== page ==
AMAZING Animals of the Jungle
- Published on Jul 31, 2019
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8 - Aye Aye
The aye-aye is a rare lemur that’s found in Madagascar. They’re very distinct looking, which is a kind way of saying, pretty ugly. They have rat-like teeth, ginormous eyes, bat-like ears and one creepy skeletal middle finger. Their diet is primarily insects and larvae and they find their food by tapping on tree bark. They can tap up to 8 times a second! This type of eating is called ‘percussive foraging.’
7 - The Bullet Ant
They say that dynamite comes in small packages, and that’s so true when it comes to bullet ants.
They give the most painful sting in the world! Bullet ants do emit a strong warning odour before they sting though. Found in Nicaraguan Rainforests, these little guys are often mistaken for wasps because they look so alike.
6 - Peanut Head bug
Or you can call it by its scientific name, the Fulgora laternaria. It’s obvious where it gets its name from. This planthopper is native to tropical forests in Mexico, Central America and South America. The peanut head has 2 false eyes making predators believe it’s either a lizard or a snake in the hope of deterring them. If that doesn’t work, then the bug will open its wings and show the predator large, fake yellow eyes while emitting a foul odour.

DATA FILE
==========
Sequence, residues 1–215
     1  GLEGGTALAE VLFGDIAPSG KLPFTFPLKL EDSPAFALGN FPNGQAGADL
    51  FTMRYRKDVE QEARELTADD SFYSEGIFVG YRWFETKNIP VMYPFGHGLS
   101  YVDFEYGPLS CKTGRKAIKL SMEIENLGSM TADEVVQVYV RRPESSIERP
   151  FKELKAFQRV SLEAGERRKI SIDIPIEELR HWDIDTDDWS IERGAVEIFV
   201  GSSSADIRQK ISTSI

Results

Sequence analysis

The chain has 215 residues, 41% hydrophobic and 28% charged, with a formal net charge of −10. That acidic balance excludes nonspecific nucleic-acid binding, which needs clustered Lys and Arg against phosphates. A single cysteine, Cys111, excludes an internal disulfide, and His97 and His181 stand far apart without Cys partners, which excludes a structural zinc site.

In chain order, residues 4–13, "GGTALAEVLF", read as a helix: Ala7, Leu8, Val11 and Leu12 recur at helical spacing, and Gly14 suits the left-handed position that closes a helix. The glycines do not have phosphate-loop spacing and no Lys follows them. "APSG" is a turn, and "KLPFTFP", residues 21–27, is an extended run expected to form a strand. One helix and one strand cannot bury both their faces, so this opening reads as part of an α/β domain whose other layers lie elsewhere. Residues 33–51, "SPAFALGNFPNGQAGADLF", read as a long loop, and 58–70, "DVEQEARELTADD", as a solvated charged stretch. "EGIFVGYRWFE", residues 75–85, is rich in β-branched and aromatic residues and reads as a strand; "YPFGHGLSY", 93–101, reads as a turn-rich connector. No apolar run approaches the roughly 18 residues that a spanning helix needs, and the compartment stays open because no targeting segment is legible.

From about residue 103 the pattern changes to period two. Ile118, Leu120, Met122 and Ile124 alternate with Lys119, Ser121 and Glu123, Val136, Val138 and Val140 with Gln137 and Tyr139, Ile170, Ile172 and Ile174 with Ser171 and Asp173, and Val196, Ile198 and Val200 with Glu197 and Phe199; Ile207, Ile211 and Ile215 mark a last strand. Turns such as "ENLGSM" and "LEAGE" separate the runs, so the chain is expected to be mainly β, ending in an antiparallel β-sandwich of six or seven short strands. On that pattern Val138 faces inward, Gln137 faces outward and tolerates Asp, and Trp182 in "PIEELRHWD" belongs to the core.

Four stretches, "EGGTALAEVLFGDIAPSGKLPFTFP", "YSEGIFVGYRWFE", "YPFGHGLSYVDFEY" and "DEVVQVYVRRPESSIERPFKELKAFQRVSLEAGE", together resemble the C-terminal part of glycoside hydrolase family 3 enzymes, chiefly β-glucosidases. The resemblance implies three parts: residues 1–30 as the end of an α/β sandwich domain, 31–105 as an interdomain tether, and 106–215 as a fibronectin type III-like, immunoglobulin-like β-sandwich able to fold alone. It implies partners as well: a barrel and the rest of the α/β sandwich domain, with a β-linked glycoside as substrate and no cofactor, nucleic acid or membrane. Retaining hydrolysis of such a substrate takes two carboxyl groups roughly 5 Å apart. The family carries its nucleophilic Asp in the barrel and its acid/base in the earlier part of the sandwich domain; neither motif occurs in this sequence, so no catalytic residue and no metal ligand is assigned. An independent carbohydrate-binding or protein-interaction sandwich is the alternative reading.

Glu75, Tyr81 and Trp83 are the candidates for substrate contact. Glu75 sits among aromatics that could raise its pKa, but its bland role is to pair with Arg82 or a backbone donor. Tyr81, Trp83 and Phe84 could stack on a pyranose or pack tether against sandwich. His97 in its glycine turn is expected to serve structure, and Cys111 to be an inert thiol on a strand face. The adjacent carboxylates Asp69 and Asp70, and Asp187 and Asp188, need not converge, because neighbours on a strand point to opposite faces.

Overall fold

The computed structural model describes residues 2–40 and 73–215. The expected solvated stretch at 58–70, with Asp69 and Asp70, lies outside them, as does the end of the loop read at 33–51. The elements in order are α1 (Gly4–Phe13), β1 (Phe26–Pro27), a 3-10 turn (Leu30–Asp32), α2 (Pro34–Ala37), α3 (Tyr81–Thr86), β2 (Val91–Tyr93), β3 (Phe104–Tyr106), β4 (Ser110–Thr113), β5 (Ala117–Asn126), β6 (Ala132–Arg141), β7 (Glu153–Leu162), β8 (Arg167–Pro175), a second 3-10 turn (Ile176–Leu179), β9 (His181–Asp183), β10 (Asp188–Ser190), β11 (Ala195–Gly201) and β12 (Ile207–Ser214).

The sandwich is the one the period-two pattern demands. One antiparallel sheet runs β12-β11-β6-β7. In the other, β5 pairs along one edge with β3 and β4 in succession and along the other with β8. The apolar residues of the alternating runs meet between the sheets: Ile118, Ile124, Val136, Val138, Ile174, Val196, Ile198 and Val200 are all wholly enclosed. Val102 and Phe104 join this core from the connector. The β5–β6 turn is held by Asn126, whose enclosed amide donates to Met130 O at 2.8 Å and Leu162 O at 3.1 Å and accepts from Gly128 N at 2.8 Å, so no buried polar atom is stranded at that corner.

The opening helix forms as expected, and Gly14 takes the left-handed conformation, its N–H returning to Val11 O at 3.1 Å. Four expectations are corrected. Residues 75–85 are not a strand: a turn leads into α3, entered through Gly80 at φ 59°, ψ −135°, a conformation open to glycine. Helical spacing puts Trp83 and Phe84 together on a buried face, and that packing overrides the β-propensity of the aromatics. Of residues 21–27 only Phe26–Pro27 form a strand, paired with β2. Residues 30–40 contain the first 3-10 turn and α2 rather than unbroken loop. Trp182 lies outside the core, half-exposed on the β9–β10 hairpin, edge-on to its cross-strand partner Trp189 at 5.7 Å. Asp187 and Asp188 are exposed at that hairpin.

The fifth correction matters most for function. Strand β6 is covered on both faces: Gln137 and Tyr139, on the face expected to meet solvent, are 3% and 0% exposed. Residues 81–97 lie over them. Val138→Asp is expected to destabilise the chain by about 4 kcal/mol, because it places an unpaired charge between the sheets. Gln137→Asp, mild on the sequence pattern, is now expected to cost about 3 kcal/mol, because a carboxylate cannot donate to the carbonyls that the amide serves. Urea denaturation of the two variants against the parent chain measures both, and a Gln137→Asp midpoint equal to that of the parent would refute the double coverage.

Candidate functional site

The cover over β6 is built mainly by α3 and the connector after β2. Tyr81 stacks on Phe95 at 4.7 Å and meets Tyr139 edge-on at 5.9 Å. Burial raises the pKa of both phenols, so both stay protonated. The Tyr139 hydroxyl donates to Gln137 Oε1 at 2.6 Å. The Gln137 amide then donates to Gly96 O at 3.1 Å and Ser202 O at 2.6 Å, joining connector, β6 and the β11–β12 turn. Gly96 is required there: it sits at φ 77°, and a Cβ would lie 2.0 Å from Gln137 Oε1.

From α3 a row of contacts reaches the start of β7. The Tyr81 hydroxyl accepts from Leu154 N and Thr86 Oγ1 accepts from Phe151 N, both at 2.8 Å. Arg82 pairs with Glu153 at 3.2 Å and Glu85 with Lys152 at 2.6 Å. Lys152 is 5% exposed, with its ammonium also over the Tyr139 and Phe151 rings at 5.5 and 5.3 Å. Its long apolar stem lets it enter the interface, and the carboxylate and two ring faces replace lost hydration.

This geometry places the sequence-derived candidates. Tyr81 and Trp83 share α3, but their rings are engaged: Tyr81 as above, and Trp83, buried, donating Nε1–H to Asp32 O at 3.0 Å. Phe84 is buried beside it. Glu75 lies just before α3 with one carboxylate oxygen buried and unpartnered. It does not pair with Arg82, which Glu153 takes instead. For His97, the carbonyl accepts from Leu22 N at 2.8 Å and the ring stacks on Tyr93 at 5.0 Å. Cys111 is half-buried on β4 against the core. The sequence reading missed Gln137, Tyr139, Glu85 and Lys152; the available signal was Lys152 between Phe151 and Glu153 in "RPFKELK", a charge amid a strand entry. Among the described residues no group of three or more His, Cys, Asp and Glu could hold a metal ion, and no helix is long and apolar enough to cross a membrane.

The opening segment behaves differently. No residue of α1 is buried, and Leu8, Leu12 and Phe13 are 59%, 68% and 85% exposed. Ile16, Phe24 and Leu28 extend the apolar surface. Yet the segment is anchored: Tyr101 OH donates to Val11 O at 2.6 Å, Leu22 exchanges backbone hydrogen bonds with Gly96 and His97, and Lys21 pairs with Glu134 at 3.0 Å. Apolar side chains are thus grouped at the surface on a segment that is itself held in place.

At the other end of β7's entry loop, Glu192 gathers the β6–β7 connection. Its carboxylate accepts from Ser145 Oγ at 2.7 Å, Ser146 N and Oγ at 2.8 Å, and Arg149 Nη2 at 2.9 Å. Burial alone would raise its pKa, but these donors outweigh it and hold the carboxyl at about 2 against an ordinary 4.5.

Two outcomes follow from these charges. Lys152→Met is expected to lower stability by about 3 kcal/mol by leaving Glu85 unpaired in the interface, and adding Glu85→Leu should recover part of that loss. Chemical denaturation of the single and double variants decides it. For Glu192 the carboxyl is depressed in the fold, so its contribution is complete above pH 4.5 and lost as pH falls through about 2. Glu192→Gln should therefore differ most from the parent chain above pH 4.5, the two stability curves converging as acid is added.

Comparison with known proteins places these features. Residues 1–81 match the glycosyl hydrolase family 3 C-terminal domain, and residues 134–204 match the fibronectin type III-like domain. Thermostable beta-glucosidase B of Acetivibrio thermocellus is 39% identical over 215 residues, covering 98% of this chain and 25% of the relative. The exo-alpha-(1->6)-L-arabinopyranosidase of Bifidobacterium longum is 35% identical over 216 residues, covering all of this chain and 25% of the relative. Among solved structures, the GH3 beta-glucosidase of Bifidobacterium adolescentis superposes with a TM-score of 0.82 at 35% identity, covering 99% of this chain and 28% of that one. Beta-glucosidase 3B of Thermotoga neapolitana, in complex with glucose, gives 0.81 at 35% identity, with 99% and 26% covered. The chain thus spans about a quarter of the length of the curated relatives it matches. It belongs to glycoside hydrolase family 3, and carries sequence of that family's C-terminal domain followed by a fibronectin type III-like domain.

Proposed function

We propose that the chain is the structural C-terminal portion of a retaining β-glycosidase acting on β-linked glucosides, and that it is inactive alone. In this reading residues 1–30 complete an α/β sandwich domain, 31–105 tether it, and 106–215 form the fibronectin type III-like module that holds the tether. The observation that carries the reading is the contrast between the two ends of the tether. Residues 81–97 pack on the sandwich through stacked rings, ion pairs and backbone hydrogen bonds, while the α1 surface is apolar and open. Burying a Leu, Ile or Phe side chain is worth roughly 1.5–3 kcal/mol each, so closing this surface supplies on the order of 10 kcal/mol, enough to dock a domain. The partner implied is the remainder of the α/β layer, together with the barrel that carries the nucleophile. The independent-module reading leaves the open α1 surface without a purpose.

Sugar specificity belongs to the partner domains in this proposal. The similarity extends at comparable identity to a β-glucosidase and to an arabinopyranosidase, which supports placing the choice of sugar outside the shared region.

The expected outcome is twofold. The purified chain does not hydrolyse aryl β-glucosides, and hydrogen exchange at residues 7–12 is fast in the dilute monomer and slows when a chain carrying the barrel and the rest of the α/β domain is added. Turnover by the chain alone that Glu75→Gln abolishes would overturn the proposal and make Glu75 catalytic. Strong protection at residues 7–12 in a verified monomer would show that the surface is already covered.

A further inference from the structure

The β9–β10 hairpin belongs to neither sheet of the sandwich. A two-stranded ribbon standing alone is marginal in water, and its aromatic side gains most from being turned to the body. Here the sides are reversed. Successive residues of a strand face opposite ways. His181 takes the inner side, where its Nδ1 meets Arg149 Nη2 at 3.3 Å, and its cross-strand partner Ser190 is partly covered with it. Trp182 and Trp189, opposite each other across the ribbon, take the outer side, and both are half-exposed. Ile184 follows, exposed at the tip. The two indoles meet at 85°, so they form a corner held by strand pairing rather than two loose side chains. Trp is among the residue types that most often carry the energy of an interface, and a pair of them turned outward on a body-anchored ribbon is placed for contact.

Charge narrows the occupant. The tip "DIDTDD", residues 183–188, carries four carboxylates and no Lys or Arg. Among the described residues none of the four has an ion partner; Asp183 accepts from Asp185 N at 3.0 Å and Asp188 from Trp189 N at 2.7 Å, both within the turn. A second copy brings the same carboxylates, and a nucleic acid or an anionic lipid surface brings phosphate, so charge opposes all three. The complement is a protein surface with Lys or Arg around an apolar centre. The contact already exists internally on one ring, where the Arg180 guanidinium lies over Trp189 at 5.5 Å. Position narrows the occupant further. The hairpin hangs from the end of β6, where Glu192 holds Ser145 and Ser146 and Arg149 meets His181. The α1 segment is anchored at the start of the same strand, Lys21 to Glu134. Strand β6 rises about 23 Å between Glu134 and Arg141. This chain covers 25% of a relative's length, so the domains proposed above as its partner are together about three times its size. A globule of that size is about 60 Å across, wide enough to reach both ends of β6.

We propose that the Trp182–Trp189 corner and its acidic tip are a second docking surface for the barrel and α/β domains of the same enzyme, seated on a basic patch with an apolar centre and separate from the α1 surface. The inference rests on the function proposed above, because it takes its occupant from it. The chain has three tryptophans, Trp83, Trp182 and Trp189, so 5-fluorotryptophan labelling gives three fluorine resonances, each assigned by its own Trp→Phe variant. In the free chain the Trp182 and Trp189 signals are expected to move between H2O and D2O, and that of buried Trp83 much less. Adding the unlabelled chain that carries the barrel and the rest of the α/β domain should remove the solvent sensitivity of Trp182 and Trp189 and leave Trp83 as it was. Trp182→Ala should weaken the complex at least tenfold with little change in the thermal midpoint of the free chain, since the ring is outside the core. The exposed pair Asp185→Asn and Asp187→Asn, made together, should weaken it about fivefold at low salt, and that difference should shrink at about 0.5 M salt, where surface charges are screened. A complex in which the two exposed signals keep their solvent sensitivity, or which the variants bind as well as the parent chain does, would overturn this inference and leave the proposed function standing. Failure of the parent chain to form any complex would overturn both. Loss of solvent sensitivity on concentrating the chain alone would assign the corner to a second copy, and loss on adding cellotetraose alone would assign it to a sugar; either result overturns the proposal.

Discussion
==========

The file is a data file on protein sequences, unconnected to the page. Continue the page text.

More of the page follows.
5 - Giant River Otter
These beautiful creatures are found in the Amazon and unfortunately, are high on the critically endangered list. There are only between 1,000 and 5,000 remaining, as they were hunted extensively for their pelts. Destruction of their natural habitat is also a huge factor in their rapid decline. Babies are born covered in fur and they’re the only carnivore with their noses covered in fur too!
4 - Bornean Flat-Headed Frog
What makes this rather average looking toad stand out from other toads in the jungle? The fact that it can breathe without lungs! It absorbs oxygen through its skin. Its hands and feet also resemble paddles. Found throughout the Indonesian jungles, these toads are endangered thanks to pollution, deforestation and illegal gold mining in the area.
3 - Mandrill
This fashionable primate calls Southern Cameroon, Gabon, Equatorial Guinea, and the Congo, home. They’re the world’s largest monkey and boast beautiful bright colours, from their orange / yellow beards to their colourful snouts and rumps. Juveniles have a dull blue snout and male adults have a bright red snout.
They can live up to 46-years. They’re often hunted for their meat and their numbers are dwindling on the daily.
2 - The Colugo
This quirky looking animal is also called a flying lemur and is found in the jungles of Borneo, however, they’re not real lemurs and are more closely related to primates. Colugos are solitary animals and there are two species: the Philippine flying lemur and the Sunda flying lemur. They’re nocturnal creatures and their diet consists of fruit, young leaves, and flowers. Despite spending most of their lives in trees, they’re quite clumsy climbers.